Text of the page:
July 1 had always been a big day at The Grange, when we joyously celebrated Dominion Day with more than hundred friends. No invitations this year. But something even more memorable and seminal happened.
During the morning, Scott and I were working hard on newspaper accounts in my Buck House office. He urged a break to go for a walk. Very reluctantly I eventually agreed; and even more reluctantly wandered down to the ruined Grange where heavy equipment operators broke the deadly silence. As we turned off the road, I saw the path and lawn lined with dozens of little Canadian flags, as on happier occasions. There was a crowd of about 40 friends, standing amidst shattered timbers, with blackened skeleton behind. Brian Rolfes, then resident in Gatehouse, conducted a ceremony. After negotiations with Government House and generous contributions of friends, they bestowed on me a new Order of Canada medal to replace the original destroyed in the fire. We drank a toast in champagne, and almost poisoned ourselves with a fire-ravaged beer. Mine were not the only misty eyes.
The blackest day was July 31 when the tenders were opened. The local contractor who had undertaken the site clean-up declined even to bid on such a huge project (though it was originally constructed by a bunch of unskilled students and me!). The bids, of course, did not include land, septic installations, foundations, basement floors or any new walls. The lowest was about $ 575,000, and the highest about $ 750,000: all far, far in excess of the total insurance compensation.
Then a strange thing happened. A few weeks before, Scott had asked me at the last minute to substitute for him at the annual Aylmer Civitan dinner so that he could go to his Eastern Townships home to deal with a problem. My dinner guest, Carol Anne Gingras, and I were not seated together, and her immediate companion chanced to be Murray Milne. For some odd reason their talk turned to log buildings, and Murray mentioned a highly skilled company in the business of their construction and restoration. Carol happened to repeat the conversation to me later, and though I thought I knew most local people with log house interests, I had never heard of this crew– one of whose partners lived in Cantley! With reconstruction almost ruled out by the response to tenders, I was desperate to follow any other lead, and tracked down the partners. Of course they knew about The Grange, and one of them had visited it long before. That highly unlikely thread of coincidence thickened to a chain which was to save The Grange.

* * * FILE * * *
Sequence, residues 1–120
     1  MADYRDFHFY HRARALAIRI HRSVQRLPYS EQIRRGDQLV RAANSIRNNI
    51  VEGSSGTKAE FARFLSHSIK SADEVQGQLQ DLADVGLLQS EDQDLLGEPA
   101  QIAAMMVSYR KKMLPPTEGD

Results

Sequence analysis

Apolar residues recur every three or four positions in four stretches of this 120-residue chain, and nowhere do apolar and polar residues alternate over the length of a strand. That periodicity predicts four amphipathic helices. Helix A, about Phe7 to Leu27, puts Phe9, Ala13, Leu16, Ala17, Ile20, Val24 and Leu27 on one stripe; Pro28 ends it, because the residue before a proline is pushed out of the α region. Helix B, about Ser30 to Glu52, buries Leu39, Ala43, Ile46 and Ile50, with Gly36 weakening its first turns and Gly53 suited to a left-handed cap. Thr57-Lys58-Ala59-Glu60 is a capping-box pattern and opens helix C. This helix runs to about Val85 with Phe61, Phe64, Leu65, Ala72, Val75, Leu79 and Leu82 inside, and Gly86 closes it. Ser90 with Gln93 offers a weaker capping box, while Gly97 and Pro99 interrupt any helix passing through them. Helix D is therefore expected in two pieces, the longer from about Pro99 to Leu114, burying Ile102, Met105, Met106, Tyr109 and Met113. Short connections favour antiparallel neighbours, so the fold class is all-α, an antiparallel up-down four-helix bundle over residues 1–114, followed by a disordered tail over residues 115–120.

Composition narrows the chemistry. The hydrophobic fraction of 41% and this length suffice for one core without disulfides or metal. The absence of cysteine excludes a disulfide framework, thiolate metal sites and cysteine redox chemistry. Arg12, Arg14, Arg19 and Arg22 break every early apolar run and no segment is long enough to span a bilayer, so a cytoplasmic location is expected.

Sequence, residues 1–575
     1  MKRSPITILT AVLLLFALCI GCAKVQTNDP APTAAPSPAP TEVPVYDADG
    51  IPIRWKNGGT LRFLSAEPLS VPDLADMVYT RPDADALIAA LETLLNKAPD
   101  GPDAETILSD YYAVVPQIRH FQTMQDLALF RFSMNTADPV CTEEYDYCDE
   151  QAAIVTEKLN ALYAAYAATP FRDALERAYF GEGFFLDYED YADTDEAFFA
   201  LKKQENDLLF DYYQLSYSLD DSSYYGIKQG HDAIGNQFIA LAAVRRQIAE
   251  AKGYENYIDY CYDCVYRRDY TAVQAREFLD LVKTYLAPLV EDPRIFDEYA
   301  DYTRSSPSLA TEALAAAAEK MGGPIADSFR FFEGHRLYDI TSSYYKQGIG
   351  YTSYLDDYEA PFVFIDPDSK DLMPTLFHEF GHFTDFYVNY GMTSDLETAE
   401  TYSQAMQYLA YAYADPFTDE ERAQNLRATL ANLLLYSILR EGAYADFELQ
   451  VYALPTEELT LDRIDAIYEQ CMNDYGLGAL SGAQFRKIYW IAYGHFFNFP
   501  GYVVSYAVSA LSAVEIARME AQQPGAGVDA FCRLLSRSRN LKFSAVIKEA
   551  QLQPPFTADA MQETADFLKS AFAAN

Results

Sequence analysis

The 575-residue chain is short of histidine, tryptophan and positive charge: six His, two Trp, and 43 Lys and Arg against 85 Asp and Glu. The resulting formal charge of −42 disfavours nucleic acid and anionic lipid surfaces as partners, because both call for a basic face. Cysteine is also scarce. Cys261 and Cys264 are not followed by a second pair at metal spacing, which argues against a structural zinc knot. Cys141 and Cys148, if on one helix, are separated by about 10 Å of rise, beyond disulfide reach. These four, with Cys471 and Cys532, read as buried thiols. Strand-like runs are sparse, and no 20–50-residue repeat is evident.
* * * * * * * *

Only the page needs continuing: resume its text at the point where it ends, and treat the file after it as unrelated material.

The partners were John Jefferson of Cantley and Brad Dagg of the Poltimore area. When their partnership dissolved that autumn, Brad Dagg and his crew did most of the restoration. They were not only highly skilled, knowledgeable, hard working and conscientious, but imaginative. And flexible. They had wonderful sources of old materials, not only more authentic but cheaper than within the reach of any ordinary contractor. The contract was divided into several parts. They were commissioned immediately to close in the whole building; to restore the ground floor, and to frame in the upper floor. I would complete the upper floor, do the entire basement, and the considerable relandscaping that was necessary. We left the Great Hall for decision when we could assess progress. When the time came, they took on its interior restoration. At the time of my impatience, work seemed to take ages to start (the first hammer blows sounded in late August) and then to drag on agonizingly. At one stage, when I was trying to work in my Buck House office, I would run out every half hour to view the thickening November snowflakes and count the rafters yet to be placed on the Great hall roof. All was closed in and capable of being heated by early December – quite a feat!
Dan and I moved back the week before Christmas, but it remained a loud and lively construction site for the whole winter. Administration and deadlines were not at the top of Brad’s many talents, and the list of small deficiencies dwindled only slowly through the summer and autumn. But on July 1 we celebrated the resurrection of The Grange to universal applause.
The new Grange incorporated many improvements I disagreed with some of the overkill on which the consulting mechanical engineer insisted, but you cannot win them all. One big improvement was the creation of far more usable basement space through the blasting of 50 cubic metres of granite, on which I stood my ground despite almost universal opposition. The new Grange is the even more magnificent construction today, thanks to Barry Padolsky and his site architect Ricardo Hendi.
Note: Barry Padolsky remains a great friend of the Grange, and served as an early member of the board of La Grange de la Gatineau, a not-for-profit organization established in 2004 to carry on the spirit of heritage, culture, debate and discussion in the community that Bob and Mary Anne Phillips fostered when the Grange was their home